Interpleader cases are on the rise today where there are disputes over benefits involved in life insurance policies. When an insured person wishes to change the beneficiaries or was divorced, there is a possibility that the dependents will fight for the benefits after the insured dies.
What Happens When A Insurance Company Denies Paying The Benefits?
There are many reasons that a life insurance company can deny paying benefits such as when there is a disagreement in the family, or there is material misrepresentation on the policy application. An attorney plays a great role in finding out if the denial was wrong or right. Your attorney should conduct the necessary research and assess the rights of those involved.
If the case involves more than one person making a claim to the same policy, the life insurance company may opt to file an Interpleader with the Court. This is where they deposit the benefits with the Court and sue both claimants, forcing the claimants to fight over the benefits in Court.
Can An Interpleader Attorney Work On A Contingency Fee?
Yes. A professional interpleader attorney may handle your case on a contingency fee. This means that as the victim, you do not pay the attorney's fees or costs of litigation out of pocket. Once the case is resolved, your attorney would get paid out of the settlement instead of having to pay a retainer or money every month to help you.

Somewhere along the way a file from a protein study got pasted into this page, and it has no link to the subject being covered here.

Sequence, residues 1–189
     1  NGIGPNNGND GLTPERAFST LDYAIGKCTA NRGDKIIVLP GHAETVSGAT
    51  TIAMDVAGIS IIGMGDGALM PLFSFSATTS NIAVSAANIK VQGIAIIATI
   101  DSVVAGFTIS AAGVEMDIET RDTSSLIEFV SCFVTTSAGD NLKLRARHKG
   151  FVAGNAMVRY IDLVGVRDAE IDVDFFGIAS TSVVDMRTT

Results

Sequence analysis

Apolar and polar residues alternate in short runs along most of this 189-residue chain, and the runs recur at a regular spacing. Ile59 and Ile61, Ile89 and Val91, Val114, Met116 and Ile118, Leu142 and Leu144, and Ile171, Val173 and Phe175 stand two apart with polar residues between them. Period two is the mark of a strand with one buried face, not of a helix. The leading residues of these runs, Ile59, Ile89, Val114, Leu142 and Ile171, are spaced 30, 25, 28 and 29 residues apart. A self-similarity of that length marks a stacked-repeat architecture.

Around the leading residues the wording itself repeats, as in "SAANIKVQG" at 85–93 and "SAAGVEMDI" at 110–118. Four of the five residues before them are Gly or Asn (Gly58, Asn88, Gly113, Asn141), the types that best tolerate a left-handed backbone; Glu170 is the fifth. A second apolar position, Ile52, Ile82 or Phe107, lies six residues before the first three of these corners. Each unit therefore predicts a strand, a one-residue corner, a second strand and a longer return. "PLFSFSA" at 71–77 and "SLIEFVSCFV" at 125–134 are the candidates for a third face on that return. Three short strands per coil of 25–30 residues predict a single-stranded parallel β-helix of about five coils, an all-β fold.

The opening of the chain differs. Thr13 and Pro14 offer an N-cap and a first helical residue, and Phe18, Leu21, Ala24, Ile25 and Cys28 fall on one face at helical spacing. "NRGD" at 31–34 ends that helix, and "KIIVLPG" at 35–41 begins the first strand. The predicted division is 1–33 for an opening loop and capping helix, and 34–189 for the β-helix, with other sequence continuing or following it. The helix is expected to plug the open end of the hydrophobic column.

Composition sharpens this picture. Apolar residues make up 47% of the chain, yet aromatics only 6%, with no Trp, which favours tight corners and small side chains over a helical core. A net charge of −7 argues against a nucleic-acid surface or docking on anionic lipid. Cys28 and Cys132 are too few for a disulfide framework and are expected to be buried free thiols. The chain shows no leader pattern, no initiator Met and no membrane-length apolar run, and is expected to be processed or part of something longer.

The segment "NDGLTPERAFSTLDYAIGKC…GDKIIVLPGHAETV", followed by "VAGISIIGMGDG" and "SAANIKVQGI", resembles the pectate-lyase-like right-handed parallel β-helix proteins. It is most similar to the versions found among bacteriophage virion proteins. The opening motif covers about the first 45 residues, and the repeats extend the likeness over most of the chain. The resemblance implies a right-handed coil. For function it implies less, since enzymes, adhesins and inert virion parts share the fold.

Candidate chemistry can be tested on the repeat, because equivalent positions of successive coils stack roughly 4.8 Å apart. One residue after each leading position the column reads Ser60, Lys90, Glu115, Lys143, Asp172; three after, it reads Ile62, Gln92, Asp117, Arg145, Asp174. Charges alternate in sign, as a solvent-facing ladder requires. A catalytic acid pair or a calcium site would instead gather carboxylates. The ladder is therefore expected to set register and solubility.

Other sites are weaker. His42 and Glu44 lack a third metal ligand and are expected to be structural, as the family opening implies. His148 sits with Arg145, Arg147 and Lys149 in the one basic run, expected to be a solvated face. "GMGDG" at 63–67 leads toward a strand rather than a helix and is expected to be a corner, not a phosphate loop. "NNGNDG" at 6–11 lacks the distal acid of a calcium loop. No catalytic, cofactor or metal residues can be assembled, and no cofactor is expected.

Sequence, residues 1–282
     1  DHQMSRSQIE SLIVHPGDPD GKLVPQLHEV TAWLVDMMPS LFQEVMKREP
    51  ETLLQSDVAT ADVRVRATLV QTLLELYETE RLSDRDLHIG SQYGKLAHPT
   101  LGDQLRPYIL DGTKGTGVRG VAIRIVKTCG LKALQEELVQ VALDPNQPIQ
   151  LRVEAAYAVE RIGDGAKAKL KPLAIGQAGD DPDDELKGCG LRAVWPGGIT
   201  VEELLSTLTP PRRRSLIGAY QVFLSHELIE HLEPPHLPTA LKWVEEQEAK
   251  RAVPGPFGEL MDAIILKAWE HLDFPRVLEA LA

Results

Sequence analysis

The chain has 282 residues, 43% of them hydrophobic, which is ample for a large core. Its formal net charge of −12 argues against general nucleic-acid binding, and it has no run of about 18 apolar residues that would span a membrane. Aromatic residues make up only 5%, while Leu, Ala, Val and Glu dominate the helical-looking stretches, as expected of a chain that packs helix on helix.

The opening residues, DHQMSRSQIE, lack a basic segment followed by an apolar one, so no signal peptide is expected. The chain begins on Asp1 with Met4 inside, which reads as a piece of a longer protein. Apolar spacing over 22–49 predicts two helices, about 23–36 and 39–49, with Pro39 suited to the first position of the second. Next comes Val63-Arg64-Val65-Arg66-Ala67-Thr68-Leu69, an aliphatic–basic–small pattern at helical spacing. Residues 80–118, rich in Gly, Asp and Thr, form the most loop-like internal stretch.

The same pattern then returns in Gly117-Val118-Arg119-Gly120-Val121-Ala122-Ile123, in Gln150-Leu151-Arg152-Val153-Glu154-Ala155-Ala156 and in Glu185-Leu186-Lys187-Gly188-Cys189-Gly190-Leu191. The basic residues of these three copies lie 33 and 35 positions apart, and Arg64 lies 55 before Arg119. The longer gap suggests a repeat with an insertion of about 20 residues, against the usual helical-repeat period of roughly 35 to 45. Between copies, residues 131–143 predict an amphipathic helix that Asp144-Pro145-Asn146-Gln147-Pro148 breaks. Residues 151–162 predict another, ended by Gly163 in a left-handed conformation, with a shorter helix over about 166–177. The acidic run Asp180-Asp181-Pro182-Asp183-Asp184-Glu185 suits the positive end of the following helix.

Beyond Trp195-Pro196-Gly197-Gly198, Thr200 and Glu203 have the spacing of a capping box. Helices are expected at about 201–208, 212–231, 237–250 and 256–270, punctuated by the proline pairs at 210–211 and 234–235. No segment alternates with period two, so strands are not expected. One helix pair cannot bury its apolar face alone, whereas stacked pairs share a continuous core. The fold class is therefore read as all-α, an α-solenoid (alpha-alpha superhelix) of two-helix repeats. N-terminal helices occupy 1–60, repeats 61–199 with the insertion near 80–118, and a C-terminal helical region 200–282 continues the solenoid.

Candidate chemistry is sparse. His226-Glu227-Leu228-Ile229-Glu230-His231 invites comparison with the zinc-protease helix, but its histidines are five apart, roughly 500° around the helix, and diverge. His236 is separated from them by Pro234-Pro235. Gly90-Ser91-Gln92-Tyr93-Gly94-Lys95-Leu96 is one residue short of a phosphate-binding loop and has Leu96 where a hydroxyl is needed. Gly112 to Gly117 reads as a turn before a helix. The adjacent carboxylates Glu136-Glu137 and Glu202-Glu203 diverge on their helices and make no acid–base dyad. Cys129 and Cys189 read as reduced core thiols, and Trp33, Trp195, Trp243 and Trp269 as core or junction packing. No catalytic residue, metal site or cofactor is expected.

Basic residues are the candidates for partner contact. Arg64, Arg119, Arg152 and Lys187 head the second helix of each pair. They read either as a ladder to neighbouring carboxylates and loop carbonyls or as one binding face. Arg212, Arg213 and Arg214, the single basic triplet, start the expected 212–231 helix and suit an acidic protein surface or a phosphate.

What Are Common Scenarios Where A Life Insurance Interpleader Case May Be Filed?
The insurance company files an interpleader case for various reasons. Some of the more common interpleader cases are:
Divorced beneficiary - A recent change in Alabama's divorce statute deems a divorced beneficiary as having died before the insured for purposes of life insurance beneficiary determination. There are some exceptions to this. The insurance company may not want to risk being wrong, and often sues the divorced spouse and the contingent beneficiary or estate of the insured in an interpleader lawsuit. It is important to have an experienced interpleader attorney to understand the issues and best guide your case.
Beneficiary changes - When a beneficiary is changed as a result of undue influence, lack of capacity of the insured when the change was made, or if the beneficiary change was not done properly, there may be more than one claim made to the policy. A life insurance company will often file an interpleader against all possible claimants.
The insured can play a big role in preventing interpleader cases involving beneficiaries after he or she dies. The insured can have certain estate planning documents done to assist with making sure the changes are proper, or can have specific language placed in a marital settlement agreement.